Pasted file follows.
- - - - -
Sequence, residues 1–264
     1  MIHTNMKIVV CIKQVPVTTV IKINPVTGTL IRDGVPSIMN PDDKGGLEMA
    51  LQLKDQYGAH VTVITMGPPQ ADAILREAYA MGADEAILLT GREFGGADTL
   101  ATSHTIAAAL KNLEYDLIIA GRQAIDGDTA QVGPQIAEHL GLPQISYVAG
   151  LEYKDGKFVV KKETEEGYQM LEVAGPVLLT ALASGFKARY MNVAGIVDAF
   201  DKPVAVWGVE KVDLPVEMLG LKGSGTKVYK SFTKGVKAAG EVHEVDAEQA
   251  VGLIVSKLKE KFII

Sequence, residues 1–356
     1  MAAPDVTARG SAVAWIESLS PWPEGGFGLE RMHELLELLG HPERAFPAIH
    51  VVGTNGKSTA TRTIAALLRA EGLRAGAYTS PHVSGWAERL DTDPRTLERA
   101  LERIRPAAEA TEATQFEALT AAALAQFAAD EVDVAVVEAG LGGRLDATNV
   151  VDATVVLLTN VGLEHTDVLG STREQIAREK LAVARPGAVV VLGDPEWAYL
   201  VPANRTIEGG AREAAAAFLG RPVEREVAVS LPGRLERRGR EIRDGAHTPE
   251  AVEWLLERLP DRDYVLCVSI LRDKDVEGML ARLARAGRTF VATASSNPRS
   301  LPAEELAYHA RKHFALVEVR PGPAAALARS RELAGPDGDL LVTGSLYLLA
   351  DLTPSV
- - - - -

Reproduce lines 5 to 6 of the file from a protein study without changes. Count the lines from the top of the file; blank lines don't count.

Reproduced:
   151  LEYKDGKFVV KKETEEGYQM LEVAGPVLLT ALASGFKARY MNVAGIVDAF
   201  DKPVAVWGVE KVDLPVEMLG LKGSGTKVYK SFTKGVKAAG EVHEVDAEQA